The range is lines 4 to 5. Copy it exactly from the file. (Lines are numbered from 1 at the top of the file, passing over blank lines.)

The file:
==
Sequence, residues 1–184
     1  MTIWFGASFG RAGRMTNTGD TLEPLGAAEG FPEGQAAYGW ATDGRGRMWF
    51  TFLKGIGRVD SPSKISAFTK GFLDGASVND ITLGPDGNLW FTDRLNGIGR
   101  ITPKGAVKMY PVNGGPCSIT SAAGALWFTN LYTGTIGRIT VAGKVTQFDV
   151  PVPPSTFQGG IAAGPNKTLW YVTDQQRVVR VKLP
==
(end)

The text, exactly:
   101  ITPKGAVKMY PVNGGPCSIT SAAGALWFTN LYTGTIGRIT VAGKVTQFDV
   151  PVPPSTFQGG IAAGPNKTLW YVTDQQRVVR VKLP